A computer program has passed the Turing Test for the first time. What does this actually mean? Well, honestly, not much. This is a chatbot, not an AI. It’s not programmed to be intelligent, it is programmed to mimic written conversation. This one also used the whole gimmick of having the chatbot pretend to be a adolescent Ukrainian boy. The short and medium term results I predict? Over the next couple of years, we’ll get more annoying, harder to immediately detect spambots, (Like the ones on dating and porn sites, or the ones that are used to chat with you through your friends’ hacked Facebook accounts). 5-15 years? We’ll be getting adaptive conversational chatbots in videogames, which will be pretty sweet.
Anyhow, this brings me to the whole theme for my first official installment of Plot Devices: Artificial Intelligences. I’m going to attempt (key word) to explain ways that authors fit Artificial Intelligences into fiction, how it affects their settings, and ways to restrict them narrative-wise. This is a huge category, so we’re going to have to break it down a bit. I’m going to rip a few arbitrary categories out of fiction, here. In ascending order, Synthetic Intelligences, Human-Level AI, Uploads, Supergenius AI, and Weakly Godlike Intelligences. There are plenty that don’t fit precisely into any of these categories, but these five cover most examples of fictional AI.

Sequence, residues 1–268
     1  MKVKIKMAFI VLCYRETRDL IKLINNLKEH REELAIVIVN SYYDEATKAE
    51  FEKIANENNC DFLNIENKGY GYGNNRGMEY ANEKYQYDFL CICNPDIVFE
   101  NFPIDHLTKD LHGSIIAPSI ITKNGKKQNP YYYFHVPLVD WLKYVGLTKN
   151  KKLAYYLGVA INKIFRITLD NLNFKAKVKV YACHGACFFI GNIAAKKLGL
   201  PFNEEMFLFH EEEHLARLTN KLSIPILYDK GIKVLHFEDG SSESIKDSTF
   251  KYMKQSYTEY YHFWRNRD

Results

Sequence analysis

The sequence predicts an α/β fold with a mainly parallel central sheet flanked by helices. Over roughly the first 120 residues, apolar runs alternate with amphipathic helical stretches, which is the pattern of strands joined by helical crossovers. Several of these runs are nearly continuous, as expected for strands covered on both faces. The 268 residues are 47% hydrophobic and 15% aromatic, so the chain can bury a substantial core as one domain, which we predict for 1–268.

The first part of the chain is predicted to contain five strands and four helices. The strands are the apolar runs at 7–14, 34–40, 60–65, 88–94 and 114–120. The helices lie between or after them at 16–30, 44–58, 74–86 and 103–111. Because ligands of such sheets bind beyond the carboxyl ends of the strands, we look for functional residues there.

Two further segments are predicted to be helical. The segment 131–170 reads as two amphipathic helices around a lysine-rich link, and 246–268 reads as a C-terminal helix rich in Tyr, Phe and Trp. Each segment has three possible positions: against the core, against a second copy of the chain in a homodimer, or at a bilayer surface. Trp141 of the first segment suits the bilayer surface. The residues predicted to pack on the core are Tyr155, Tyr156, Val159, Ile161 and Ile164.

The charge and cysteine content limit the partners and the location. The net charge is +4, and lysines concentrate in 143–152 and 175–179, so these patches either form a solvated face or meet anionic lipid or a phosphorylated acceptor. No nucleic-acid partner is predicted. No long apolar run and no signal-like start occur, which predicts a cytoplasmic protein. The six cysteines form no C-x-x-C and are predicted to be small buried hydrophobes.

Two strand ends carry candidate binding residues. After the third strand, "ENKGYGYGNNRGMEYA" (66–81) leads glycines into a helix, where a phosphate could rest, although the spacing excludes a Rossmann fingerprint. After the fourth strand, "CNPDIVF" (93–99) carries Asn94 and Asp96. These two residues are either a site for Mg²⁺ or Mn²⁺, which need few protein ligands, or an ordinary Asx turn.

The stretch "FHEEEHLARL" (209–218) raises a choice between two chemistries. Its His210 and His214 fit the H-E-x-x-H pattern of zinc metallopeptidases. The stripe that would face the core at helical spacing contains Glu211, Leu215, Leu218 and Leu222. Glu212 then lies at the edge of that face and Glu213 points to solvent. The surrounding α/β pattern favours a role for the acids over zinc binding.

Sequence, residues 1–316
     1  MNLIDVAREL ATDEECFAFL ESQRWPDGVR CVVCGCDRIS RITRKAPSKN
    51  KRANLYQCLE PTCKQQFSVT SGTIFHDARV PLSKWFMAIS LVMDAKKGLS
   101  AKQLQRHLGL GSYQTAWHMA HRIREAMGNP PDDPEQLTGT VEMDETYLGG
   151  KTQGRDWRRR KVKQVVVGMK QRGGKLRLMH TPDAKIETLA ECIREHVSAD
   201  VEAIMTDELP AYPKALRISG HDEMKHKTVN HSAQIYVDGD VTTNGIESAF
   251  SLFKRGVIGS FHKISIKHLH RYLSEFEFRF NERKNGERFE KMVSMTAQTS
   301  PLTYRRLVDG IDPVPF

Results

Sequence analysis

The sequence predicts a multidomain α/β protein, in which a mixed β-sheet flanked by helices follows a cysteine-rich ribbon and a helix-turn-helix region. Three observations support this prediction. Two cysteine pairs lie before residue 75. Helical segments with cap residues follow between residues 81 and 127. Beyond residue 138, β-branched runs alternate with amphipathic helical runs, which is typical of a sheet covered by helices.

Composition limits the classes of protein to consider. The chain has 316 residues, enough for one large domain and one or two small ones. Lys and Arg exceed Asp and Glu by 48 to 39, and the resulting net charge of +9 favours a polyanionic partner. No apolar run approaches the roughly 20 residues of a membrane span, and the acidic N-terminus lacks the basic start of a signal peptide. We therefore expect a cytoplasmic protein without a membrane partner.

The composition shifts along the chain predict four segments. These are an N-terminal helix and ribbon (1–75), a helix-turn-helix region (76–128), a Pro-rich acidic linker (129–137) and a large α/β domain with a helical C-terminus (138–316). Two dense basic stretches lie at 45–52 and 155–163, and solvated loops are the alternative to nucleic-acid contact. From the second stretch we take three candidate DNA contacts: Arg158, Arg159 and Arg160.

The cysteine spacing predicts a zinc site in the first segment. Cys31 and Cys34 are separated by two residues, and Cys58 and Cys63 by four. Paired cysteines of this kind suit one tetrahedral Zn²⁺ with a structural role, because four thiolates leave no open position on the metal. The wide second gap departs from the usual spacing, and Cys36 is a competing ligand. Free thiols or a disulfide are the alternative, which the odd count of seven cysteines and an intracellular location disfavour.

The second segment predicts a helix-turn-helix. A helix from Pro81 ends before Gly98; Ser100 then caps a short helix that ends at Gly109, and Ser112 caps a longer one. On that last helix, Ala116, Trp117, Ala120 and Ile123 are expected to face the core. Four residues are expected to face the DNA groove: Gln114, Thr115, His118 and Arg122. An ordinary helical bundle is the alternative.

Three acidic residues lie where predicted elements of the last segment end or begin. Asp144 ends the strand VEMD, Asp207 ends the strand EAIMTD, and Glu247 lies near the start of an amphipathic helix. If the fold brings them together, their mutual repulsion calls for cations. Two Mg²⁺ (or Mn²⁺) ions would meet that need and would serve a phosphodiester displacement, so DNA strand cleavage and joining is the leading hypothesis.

So I’ve decided to start a new feature on my blog, to go with the Great Hugo Readthrough and my Weekly Pull Review (well, when I have the money to start that one up again, at least). It’s called Plot Devices, and I’m going to be diving into various specific types of MacGuffins, Chekov Guns, Red Herrings, and more objects from fiction. I decided to do this because of how much I liked a previous blog post of mine about Faster-Than-Light Travel.
I’m not going to have a regular update schedule with this, but I will be trying to post frequently. Over the next few weeks I’ll be covering (probably) Magic Swords, Ancient Devices From Lost Alien Civilizations, Totally Scientific and Not Magical (Not Even a Little Bit) Medical Technology, Kinetic Magic Systems, Universal Translators (Or The Lack Thereof), and/or whatever else I feel like.
So have you ever encountered a faster than light drive in fiction that CAN’T be used in or near a gravity well, at least without serious consequences? A good example of this is Halo 2. A Covenant ship jumps inside Earth’s gravity well/ atmosphere, causes a huge explosion. Other examples of this include the StarDrive universe, the Tom Swift III universe (I think, haven’t read those books since I was a little kid), and a number of others. There is a good reason for this: awesome space battles. (more…)